Please note, due to essential maintenance online transactions will not be possible between 02:30 and 04:00 BST, on Tuesday 17th September 2019 (22:30-00:00 EDT, 17 Sep, 2019). We apologise for any inconvenience.
To send content items to your account,
please confirm that you agree to abide by our usage policies.
If this is the first time you use this feature, you will be asked to authorise Cambridge Core to connect with your account.
Find out more about sending content to .
To send content items to your Kindle, first ensure email@example.com
is added to your Approved Personal Document E-mail List under your Personal Document Settings
on the Manage Your Content and Devices page of your Amazon account. Then enter the ‘name’ part
of your Kindle email address below.
Find out more about sending to your Kindle.
Note you can select to send to either the @free.kindle.com or @kindle.com variations.
‘@free.kindle.com’ emails are free but can only be sent to your device when it is connected to wi-fi.
‘@kindle.com’ emails can be delivered even when you are not connected to wi-fi, but note that service fees apply.
The recent discovery of superconducting oxide ceramics with critical temperatures (Tc) near 100°K has stimulated research at an unprecedented pace. Single phase YBa2 Cu30x (x = 6.9), the subject of most of the interest, is an oxygen deficient 1:1:3 stacked perovskite derivative, (The structure of this materials has been described by a number of authors, many of whom are referenced by Jorgensen et al.) At room temperture it has an orthorhombic structure with lattice parameters near: a = 3.82Å, b = 3.88Å, and c - 11.68 Å. At lower oxygen values (x≤6.5) the structure is tetragonal with lattice parameters near: a = 3.86 and c = 11.80. It has been suggested that tetragonal YBa2 Cu30x is not superconducting. YBa2 Cu30x, regardless of oxygen content, is referred to here as 123.
Small-angle x-ray scattering measurements on partially hydrolyzed silicon tetraethoxide solutions indicate the formation of colloidal particles which have fractal structures or fractally rough surfaces. The structures and growth kinetics are consistent with chemically limited nucleation and growth of the particles from slowly generated reactive silanol species. Two dimensional computer simulations of nucleation and random growth of clusters from partially hydrolyzed monomers generate the same range of non-fractal, fractally rough and fractal clusters observed in the experiment.
In situ FTIR, NMR and SAXS were used to investigate the synthesis and molecular structure of xLi2O-(1−x)B2O3 gels derived from tri-n-butyl borate (TBB) and lithium methoxide. In solution the fraction of tetrahedrally coordinated borons (N4) increases linearly with x, and a critical value of N4 must be exceeded in order to form gels. The primary criterion affecting gel formation is the kinetic stability of borate bonds toward molecules which are able to undergo dissociative chemisorption.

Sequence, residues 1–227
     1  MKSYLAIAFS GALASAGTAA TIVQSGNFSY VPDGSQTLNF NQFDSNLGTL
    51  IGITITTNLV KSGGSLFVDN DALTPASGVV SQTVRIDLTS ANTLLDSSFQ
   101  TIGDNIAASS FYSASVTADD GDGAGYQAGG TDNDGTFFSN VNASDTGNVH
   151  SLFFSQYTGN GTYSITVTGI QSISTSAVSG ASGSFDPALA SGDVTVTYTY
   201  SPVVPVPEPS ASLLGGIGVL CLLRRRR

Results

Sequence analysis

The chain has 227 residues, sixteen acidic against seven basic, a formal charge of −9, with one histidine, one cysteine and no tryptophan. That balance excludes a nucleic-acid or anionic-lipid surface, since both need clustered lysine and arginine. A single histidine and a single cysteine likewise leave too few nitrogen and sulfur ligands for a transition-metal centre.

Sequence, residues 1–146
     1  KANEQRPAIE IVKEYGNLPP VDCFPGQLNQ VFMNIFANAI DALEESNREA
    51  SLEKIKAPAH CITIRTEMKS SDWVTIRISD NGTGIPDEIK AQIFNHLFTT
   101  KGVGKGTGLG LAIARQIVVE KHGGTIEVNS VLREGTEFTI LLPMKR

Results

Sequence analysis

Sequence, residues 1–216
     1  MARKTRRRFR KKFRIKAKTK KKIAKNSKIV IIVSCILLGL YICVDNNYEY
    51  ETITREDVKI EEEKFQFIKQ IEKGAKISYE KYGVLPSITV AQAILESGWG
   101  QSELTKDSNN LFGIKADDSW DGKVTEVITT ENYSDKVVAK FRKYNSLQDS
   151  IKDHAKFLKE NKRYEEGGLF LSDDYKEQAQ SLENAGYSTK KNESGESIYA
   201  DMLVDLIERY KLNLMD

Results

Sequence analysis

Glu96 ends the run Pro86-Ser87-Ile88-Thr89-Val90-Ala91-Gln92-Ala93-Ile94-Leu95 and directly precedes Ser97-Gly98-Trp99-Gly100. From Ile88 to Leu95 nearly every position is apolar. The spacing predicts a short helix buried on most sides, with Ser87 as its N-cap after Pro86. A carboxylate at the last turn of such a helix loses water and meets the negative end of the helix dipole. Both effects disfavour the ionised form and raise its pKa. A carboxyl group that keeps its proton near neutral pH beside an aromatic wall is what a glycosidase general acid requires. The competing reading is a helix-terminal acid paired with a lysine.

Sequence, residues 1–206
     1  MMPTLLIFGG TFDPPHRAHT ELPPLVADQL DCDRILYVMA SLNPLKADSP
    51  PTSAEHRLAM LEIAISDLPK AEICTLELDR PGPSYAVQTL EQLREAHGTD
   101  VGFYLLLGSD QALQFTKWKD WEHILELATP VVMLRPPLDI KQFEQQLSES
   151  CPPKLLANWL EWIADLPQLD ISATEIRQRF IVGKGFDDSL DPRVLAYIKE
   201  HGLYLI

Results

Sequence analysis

Small angle scattering experiments have demonstrated that the structure of the silicate species produced by the hydrolysis of silicon alkoxides in non-aqueous solvents ranges from extended, weakly cross-linked polymers to highly condensed, colloidal particles. In contrast, inorganic, aqueous silicate solutions yield primarily colloidal particles because the silicate species have a number of different silanol sites available and the preferred condensation reaction is that of weakly condensed species with highly cross-linked branch sites, such as those on an amorphous silica surface. It is proposed that in the alkoxide systems, however, the hydrolysis reaction may control the number and type of silanol sites available for condensation. In acid catalyzed reactions, the rate of hydrolysis of a silicate tetrahedron tends to decrease as alkoxide groups are removed. This favors the production of silanol sites on the end of chains, thus generating linear polymers. In base catalyzed reactions, it is argued that each subsequent hydrolysis of a tetrahedron should proceed more rapidly than the previous one, producing numerous branch points which are the preferred sites for condensation.
Quebrada Tacahuay, located on the south coast of Peru, is one of the oldest expressions of maritime adaptations in the Western Hemisphere. Excavations conducted in 1997 and 1998 indicate that humans focused their activities on the collection and butchering of marine birds, particularly cormorants and boobies, and other marine resources more than 10,290 years ago (uncalibrated radiocarbon years B. P.). In addition to abundant zooarchaeological remains, cultural material includes unifacial lithic tools and one worked marine mammal rib. We report on the use of marine resources at the site in conjunction with the taphonomic history of site formation. Geological data indicate that El Niño flood events initially occurred during the Pleistocene and at various times during the Holocence. The abundant use of seafood indicates that Quebrada Tacahuay represents a specialized coastal extraction station used by Late Paleo-Indian populations with a well-developed littoral adaptation.
Email your librarian or administrator to recommend adding this to your organisation's collection.